Dr. Betty Anne Younker (Credit: University of Prince Edward Island)
University of Prince Edward Island alumna Dr. Betty Anne Younker has been appointed as the next dean of the University of Western Ontario‘s Don Wright Faculty of Music. [University of Prince Edward Island]
Ian Penny (Credit: Dalhousie University)
Ian Penny, a Dalhousie University MBA grad, has been appointed as the Chair of the Board of the Halifax Chamber of Commerce. Penny said of his new role, “I plan to talk a lot about the amazing place Halifax is and the assets we have,” he says. “We really pull together to make things happen in this community. I would like to influence decisions that will ensure there is choice for those graduating from university—choice to stay or choice to go and then come back to build their career.” [Dalhousie . . . → Read More: Alumni Updates: Ian Penny and the Halifax Chamber of Commerce
Dr. Ian McKay (Credit: Queen's University)
Queen’s University History Professor Dr. Ian McKay’s book “In the Province of History: The making of the public past in twentieth-century Nova Scotia” has been awarded the International Council for Canadian Studies’ (ICCS) Pierre Savard Award. The award honours outstanding scholarly monographs on a Canadian topic.
McKay’s book, which was co-authored by University of Chicago PhD candidate Robin Bates, provides an in-depth look how the province of Nova Scotia selectively uses its history to promote tourism. The book examines what people have come to recognize as symbols of Nova Scotia and the actual historical significance of those symbols.
In response to the award, Dr. McKay says “It’s such a nice development. It’s a very local book, but it’s received all this attention from all over the world. It’s very nice to have a global audience and to attach our local interests to . . . → Read More: Nova Scotian Nostalgia: Queen’s Professor’s Book Wins International Award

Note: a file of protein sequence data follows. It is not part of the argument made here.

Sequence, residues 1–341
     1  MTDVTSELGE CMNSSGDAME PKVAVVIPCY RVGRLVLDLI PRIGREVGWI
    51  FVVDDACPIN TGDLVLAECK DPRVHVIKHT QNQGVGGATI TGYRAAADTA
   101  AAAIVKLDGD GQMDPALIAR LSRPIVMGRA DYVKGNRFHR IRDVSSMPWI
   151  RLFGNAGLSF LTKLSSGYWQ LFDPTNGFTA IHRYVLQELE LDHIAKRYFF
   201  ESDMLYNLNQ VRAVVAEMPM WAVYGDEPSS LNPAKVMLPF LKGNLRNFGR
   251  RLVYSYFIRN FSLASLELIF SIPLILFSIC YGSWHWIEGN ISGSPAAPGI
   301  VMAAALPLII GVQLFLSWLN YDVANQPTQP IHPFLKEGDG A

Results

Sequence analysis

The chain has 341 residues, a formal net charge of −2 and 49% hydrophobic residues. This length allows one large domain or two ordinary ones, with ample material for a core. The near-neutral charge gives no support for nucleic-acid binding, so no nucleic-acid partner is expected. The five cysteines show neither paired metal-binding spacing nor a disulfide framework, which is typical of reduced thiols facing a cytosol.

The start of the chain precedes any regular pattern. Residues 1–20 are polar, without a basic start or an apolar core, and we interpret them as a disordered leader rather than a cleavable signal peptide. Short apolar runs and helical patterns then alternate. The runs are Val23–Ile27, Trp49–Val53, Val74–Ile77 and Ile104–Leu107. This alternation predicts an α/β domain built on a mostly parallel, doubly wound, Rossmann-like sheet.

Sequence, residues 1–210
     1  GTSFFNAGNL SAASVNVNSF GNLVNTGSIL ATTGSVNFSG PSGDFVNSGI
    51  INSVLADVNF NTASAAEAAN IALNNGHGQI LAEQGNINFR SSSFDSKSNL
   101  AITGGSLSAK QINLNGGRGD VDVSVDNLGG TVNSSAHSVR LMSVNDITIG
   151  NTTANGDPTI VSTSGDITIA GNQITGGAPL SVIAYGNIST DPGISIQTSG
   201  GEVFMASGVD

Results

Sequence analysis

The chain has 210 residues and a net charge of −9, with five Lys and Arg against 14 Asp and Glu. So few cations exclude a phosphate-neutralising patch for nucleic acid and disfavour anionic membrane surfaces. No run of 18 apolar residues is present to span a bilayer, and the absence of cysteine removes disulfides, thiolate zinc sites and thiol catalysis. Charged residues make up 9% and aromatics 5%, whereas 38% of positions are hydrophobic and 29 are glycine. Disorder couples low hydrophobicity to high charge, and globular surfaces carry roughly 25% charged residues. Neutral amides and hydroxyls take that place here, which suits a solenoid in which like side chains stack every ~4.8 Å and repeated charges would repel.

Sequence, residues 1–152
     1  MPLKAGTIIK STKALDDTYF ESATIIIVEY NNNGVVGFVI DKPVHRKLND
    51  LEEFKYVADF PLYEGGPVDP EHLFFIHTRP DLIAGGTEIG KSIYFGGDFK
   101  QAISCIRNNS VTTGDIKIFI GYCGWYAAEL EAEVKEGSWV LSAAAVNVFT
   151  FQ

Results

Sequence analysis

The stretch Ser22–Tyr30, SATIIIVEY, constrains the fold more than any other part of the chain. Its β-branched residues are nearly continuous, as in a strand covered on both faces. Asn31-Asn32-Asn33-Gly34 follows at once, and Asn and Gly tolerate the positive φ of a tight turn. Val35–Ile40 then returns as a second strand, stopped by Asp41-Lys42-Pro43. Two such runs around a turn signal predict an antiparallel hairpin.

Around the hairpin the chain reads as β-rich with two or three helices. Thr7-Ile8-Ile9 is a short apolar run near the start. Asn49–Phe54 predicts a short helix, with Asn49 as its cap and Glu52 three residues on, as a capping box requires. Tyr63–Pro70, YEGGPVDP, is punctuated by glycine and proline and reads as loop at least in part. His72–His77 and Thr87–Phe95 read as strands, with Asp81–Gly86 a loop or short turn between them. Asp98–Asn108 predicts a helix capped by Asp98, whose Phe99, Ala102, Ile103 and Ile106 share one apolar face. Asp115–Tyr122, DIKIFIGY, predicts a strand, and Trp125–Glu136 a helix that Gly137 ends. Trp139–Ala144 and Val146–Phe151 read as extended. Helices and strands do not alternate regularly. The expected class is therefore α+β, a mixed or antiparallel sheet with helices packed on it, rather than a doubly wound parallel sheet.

Tony Ingram (Credit: Andi Lo via Dalhousie University)
Dalhousie University alumnus Tony Ingram’s b-boy dance crew Concrete Roots has been named Best New Business of 2011 by the Halifax Chamber of Commerce. The Concrete Roots organization, which Ingram formed with fellow DAL alum Igor Geshelin as well as Chris Beck and Michael Richard while a student at Dalhousie in 2007, strives to teach break dancing to school-aged youth. [Dalhousie University]
André Drouin (Credit: Saint Paul University)
André Drouin has been named as Saint Paul University‘s Alumnus of the Year 2011 for his studies, ministry and work with the poor, sick and destitute. [Saint Paul University]
Extra! Extra! Breaking news: the new Master of Journalism program offered jointly from the University of King’s College and Dalhousie University has now been officially approved by the Maritime Provinces Higher Education Commission (MPHEC).
This MPHEC approval officially completes the developmental stage of this 10-month program, which can now begin with its first cohort of graduate students in June.
The MJ degree involves a 10-month program specializing in multimedia digital reporting, investigative and entrepreneurial journalism. Students—who generally will have either prior practical experience or a Bachelor’s degree in journalism—are able to choose between two streams: investigative reporting and new ventures.
Want to give the program a go? Applications will be accepted until March 15.
King’s Master of Journalism Approved by MPHEC [University of King's College]